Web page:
WorldCat Identities

Air Force History and Museums Program (U.S.)

Overview
Works: 131 works in 293 publications in 1 language and 36,761 library holdings
Genres: History  Conference papers and proceedings  Military history  Personal narratives‡vAmerican  Biography  Chronologies 
Publication Timeline
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Most widely held works about Air Force History and Museums Program (U.S.)
 
Most widely held works by Air Force History and Museums Program (U.S.)
The cold war and beyond : chronology of the United States Air Force, 1947-1997 by Frederick J Shaw( )

8 editions published in 1997 in English and held by 1,936 WorldCat member libraries worldwide

Fueling the fires of resistance : Army Air Forces special operations in the Balkans during World War II by William M Leary( Book )

6 editions published between 1995 and 2015 in English and held by 702 WorldCat member libraries worldwide

Of all the Army Air Forces' many operations in the Second World War, none was more demanding or important than those supporting the activity of resistance groups fighting the Axis powers. The special operations supporting the Yugoslavian partisans fighting the forces of Nazism in the Balkans required particular dedication and expertise. Balkan flying conditions demanded the best of flying skills, and the tenacious German defenses in that troubled region complicated this challenge even further. In this study, Professor William Leary examines what might fairly be considered one of the most important early experiences in the history of Air Force special operations. It is ironic that, 50 years after these activities, the Air Force today is heavily involved in Balkan operations, including night air drops of supplies. But this time, the supplies are for humanitarian relief, not war. The airlifters committed to relieving misery in that part of the world follow in the wake of their predecessors who, 50 years ago, flew the night skies with courage and skill to help bring an end to Nazi tyranny
On target : organizing and executing the strategic air campaign against Iraq by Richard G Davis( Book )

2 editions published in 2002 in English and held by 658 WorldCat member libraries worldwide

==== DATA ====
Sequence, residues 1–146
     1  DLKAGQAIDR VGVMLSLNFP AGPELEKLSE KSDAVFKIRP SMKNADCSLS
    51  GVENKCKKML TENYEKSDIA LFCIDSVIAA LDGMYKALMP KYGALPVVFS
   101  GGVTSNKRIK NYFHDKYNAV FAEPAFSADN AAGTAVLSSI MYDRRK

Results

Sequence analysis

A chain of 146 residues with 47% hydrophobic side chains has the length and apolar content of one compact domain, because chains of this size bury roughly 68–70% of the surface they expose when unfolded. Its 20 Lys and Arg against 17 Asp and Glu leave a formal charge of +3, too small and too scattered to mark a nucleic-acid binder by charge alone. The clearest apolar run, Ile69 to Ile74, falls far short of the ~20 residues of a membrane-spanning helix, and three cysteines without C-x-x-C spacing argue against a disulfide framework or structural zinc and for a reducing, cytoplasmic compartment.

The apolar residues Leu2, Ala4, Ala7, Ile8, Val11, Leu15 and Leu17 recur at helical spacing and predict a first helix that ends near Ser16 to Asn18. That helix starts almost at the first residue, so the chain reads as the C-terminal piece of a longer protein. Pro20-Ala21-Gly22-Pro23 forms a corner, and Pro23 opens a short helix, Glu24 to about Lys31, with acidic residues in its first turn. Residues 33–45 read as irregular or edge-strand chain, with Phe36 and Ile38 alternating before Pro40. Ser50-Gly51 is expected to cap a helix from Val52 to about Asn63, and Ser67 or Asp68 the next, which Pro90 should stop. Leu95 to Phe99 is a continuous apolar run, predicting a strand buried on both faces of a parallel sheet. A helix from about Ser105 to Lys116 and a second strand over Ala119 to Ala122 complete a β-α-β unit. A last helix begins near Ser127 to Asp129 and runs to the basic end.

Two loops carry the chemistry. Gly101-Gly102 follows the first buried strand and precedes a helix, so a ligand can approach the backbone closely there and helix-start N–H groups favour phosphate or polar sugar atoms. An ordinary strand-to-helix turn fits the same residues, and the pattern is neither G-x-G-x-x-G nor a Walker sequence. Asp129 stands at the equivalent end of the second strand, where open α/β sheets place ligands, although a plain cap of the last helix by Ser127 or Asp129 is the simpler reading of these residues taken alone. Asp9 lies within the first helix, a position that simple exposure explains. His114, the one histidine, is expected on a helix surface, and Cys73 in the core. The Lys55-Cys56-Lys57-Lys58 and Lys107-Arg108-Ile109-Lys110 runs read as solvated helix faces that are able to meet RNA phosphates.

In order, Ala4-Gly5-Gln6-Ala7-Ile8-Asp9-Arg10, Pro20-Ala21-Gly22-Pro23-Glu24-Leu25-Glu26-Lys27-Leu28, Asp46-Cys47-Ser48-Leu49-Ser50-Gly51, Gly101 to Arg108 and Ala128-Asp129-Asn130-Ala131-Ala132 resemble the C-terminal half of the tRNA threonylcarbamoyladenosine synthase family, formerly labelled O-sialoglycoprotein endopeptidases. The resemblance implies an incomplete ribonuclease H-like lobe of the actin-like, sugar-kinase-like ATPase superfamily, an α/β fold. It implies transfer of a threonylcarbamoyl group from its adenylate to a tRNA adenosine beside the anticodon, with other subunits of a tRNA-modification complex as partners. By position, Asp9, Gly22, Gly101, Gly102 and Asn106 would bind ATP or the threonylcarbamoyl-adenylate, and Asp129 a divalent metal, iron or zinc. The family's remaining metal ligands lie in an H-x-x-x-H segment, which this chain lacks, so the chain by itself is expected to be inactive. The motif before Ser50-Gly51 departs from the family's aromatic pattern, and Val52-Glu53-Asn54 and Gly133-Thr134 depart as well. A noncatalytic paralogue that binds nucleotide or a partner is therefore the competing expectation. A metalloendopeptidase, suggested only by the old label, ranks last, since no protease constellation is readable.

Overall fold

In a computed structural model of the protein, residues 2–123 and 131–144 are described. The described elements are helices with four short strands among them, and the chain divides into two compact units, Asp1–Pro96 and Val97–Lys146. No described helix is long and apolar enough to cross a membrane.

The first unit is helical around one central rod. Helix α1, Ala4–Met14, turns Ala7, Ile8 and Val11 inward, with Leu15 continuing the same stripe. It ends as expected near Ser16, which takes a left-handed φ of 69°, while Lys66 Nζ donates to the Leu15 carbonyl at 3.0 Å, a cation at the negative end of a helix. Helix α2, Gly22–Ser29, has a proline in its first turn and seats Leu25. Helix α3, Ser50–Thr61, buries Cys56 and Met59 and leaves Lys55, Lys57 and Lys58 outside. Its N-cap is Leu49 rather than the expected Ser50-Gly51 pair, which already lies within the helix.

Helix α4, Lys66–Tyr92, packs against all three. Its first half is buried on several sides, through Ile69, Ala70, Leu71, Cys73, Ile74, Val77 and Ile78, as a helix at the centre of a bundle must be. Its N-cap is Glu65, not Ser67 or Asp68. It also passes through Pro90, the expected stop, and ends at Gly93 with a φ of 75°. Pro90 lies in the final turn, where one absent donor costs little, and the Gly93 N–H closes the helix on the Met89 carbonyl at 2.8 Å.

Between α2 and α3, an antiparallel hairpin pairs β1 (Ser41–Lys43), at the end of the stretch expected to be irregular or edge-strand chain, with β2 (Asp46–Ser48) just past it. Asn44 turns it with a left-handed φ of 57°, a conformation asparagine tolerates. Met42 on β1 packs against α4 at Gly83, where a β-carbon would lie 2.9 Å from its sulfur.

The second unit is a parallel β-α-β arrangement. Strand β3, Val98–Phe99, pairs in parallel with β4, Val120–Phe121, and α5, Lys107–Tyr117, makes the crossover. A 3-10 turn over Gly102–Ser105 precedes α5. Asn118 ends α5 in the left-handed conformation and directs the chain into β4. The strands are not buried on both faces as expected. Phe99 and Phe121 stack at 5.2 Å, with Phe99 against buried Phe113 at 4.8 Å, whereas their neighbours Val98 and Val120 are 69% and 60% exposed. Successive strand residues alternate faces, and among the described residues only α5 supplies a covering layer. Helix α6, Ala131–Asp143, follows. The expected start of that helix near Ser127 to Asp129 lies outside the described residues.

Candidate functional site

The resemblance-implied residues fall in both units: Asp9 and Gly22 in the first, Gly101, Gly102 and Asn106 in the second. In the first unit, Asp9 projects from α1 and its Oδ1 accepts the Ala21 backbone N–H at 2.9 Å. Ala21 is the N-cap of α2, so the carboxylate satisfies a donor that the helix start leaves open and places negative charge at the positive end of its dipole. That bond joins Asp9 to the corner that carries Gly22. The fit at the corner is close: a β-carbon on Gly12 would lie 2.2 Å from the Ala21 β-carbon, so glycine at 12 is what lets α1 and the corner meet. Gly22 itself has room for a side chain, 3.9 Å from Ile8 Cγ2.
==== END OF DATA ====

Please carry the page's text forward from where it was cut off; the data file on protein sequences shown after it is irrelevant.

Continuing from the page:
The war in the Persian Gulf in 1991 capped an era of USAF modernization and enhanced readiness begun in the late 1970s and that continued through the 1980s. The USAF shouldered the bulk of the fighting for the first 39 of the conflict's 42 days. This volume covers the air offensive against strategic military and economic targets within the pre-August 1990 borders of Iraq. The offensive air plan once again displayed the ability of the U.S. military to turn the necessity of improvisation into a virtue when, in mid-August 1990, an element of the Air Staff in the Pentagon wrote the basis of the offensive plan in 10 days. The plan was founded upon the precepts of Col. John A. Warden III's air power theories: centers of gravity, shock effect, and the importance of leadership-related targets. Once the outline plan reached the arena of operations, the U.S. Central Air Forces, under the able leadership of Lt. Gen. Charles A. Horner, adopted the targeting philosophy of the plan and employed it with devastating effect. The author describes not only the outstanding performance of USAF men and machines but also the difficulties and complexities of coordinating the many elements of air and staff operations. Among these were the complex coordination of the fighters with their tankers, the speedy transmission of data from the all-seeing eyes of AWACS and JSTARS aircraft, the multiple bomb runs over chemical and biological warfare bunkers, and the shortcomings of certain types of intelligence. All these factors affected mission effectiveness. The author also diagrams how outside influences -- political pressure from neutrals and from public news media -- can affect the direction of the bombing effort. Although this account of the air campaign in the Persian Gulf concentrates on the operational history of a 6-week war, it also places that war into its larger political and military context, especially in its tale of the interplay between the U.S. military and civilian leadership. 7